Writing for Prathibha Nandakumar’s collection “Rasteyanchina Gaadi”, poet K.V. Tirumalesh says that if you imagine literature is a mirror and approach it, it turns out to be a window, if you think it’s a window it could well be a mirror. What Tirumalesh says is true of Prathibha’s poems: she is poised between tradition and modernity. She has neither turned away from tradition nor is she an unequivocal propounder of modernity. If there is ‘present’ in Prathibha’s writings, it is the result of her continued negotiation with the past – and this dialogue can be of varied nature.


Let’s for instance take her poem Ee Margavu Chalaneyalillla: “Hasivadare HotelgaLuntu/Baayarikeyadare BaarugaLuntu/Shamanake Aha Daari Noorentu”. This poem is modelled on Akka Mahadevi’s vachana, but Prathibha tweaks it to suit the philosophy of modern life. Again, in “Ellidde” she takes Akka’s imagery of “teraniya hula” and mockingly asks the man about his promises of companionship.

“I think I was branded as bold because I was writing for Lankesh Patrike. When Bandit Queen came I wrote a daring piece, similarly when Lankesh turned 60, I wrote a poem Uncle Uvacha that was in no way hagiographical. When the first Black American won Miss World, I wrote a poem… all these probably made people think I was firebrand variety!”

Prathibha, in this four decade journey, has brought out 14 collections of poetry, two short story anthologies, translation from Dogri, English, she has tried her hand at screenplay, filmmaking…. she has pursued the creative path in every possible way. In fact, she is always trying to expand her horizon. In the recent past, she undertook research work on the Devi cult and wrote a set of Devi poems. “When I wrote the Devi series, I realised that I had to realign myself to the Bhakthi path. All along I thought and wrote as a rationalist. The struggle is evident in my poetry. In our fetish for modernity, we have brushed away so many meaningful things.” Similarly, Prathibha wrote the Coffee House poems, which was completely urban – its style, structure, and content, everything was different. “I felt very happy writing it. Somehow, it did not generate an enthusiastic response…. Yet, I am very proud of those poems.”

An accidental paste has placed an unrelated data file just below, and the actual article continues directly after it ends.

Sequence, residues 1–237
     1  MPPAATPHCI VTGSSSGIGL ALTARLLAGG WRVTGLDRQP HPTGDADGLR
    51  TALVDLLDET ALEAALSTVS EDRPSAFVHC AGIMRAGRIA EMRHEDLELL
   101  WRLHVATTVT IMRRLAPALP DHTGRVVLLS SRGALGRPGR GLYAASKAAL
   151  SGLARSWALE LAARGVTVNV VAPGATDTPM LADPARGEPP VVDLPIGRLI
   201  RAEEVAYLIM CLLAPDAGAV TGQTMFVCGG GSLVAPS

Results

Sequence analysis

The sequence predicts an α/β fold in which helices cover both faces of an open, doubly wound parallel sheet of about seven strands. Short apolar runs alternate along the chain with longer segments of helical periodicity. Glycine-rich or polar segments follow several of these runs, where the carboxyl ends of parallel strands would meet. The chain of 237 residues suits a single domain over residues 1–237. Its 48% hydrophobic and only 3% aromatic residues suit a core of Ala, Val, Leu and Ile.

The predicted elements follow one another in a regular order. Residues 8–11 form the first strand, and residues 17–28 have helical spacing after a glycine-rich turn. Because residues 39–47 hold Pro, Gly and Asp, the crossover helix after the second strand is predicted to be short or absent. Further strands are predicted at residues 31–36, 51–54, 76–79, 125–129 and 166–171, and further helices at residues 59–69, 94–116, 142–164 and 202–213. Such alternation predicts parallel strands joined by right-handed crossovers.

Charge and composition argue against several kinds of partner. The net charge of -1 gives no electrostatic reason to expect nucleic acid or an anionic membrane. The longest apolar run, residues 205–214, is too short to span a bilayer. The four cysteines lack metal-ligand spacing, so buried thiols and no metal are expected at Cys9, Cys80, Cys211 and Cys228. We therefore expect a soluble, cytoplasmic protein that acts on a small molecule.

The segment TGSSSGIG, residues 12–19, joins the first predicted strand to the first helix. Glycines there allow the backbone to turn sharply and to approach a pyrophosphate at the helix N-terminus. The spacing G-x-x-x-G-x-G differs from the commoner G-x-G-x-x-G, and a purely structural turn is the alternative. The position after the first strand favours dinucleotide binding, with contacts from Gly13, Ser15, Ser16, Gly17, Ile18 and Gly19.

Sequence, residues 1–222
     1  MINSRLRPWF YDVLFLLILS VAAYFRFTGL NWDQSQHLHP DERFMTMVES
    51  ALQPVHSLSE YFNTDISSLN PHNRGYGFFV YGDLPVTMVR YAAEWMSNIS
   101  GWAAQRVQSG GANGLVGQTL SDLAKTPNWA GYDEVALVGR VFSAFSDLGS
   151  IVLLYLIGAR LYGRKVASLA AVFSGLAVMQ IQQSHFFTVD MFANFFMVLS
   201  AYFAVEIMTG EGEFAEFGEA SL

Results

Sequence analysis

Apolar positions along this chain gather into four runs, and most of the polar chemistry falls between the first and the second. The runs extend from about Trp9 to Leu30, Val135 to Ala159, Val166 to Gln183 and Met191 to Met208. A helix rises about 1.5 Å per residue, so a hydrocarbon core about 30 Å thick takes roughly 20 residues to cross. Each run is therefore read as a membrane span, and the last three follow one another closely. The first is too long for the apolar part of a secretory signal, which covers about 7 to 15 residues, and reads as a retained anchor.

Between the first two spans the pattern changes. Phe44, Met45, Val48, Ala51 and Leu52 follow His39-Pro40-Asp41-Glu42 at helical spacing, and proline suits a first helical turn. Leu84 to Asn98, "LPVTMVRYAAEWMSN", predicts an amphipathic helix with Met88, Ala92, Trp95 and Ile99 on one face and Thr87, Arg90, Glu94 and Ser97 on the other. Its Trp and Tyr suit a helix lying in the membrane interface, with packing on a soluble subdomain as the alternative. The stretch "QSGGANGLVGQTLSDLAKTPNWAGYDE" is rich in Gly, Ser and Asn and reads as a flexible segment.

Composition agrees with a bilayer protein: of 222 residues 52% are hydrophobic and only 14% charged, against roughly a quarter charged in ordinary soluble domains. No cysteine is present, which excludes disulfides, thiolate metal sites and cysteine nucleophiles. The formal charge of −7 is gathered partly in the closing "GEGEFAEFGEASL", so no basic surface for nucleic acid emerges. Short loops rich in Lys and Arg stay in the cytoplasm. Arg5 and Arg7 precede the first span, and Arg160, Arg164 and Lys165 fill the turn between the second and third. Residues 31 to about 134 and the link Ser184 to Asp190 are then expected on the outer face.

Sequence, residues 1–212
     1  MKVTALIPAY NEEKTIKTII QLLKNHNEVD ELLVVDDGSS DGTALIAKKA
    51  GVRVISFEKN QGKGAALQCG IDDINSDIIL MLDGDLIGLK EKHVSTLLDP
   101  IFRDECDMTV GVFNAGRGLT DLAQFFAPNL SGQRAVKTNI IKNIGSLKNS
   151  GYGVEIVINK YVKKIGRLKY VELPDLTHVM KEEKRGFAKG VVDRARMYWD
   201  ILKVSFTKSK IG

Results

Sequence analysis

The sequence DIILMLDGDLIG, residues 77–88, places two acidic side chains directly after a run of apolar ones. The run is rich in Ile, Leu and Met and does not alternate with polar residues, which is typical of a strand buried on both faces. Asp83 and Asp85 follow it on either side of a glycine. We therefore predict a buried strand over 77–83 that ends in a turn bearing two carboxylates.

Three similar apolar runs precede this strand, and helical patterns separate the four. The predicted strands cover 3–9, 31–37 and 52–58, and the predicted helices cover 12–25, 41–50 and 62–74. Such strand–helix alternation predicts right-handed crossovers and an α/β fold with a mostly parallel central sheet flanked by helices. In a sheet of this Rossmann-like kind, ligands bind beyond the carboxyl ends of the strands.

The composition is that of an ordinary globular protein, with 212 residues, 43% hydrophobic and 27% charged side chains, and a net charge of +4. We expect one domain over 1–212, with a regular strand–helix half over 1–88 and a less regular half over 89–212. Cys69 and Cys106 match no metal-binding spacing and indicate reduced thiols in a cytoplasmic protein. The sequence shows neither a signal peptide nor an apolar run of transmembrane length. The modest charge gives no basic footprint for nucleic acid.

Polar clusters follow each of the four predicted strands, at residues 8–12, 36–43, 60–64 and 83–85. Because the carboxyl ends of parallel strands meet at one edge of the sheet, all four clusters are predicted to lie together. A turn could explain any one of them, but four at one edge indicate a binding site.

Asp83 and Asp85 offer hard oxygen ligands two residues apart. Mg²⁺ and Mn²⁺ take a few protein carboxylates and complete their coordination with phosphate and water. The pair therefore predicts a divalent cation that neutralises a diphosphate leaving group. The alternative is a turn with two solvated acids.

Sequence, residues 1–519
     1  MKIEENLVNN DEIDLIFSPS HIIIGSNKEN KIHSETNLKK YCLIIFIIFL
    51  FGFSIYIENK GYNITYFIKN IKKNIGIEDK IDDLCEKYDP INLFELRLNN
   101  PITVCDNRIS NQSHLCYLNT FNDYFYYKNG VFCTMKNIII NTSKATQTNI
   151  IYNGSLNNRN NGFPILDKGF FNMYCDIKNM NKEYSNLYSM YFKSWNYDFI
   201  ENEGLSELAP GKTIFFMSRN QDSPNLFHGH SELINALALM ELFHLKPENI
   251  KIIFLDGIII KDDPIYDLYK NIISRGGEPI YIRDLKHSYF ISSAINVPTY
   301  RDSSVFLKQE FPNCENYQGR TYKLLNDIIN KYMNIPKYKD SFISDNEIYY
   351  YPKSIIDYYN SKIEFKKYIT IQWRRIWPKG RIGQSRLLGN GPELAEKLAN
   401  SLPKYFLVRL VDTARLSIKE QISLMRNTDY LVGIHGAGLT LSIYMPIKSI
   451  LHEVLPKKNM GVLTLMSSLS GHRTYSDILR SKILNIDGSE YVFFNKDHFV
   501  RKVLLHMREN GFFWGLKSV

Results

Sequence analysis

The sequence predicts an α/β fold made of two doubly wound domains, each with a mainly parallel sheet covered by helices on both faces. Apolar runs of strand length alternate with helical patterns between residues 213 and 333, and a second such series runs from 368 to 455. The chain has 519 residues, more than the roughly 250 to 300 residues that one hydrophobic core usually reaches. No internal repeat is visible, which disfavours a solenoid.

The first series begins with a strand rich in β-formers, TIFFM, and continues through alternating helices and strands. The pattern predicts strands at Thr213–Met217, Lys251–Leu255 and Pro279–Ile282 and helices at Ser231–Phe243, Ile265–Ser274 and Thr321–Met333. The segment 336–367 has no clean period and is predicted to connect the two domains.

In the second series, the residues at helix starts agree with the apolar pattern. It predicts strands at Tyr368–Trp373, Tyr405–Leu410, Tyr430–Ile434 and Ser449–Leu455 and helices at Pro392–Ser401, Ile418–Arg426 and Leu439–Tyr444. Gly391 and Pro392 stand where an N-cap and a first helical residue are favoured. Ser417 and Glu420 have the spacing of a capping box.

Poems are no longer what they used to be. “Barring a few poets, I don’t see a struggle in their writing. Their outlook to life is so easy. You know...a poem is born when you cannot say something; it is born in that anxiety, restlessness, desire, trauma... all this has to happen to you. A poem comes as a release. But today, you can pick up your phone and text, whatsapp and mail -- the ease with which communication takes place has had a huge impact on poetry...,” she avers. Prathibha says she feels weary with cliched images -- “how can you write a love poem with words like Indramukhi, Chandramukhi etc...? It irritates me. I tell youngsters, if you write a love poem your page should burn. Every generation has to discover its poetry. And you have to wait for your words to become a poem.”

Does Prathibha look at her poems any differently from the way she did years ago? “The basic instinct of writing a poem is the same in me. The technique may have changed. Over the years, I have learnt the craft of writing. As Kamala Das used to say, ‘I can write a perfect poem’. You can see my intellectual shifts in my poems. My poems are my autobiography.”

(Source: The Hindu)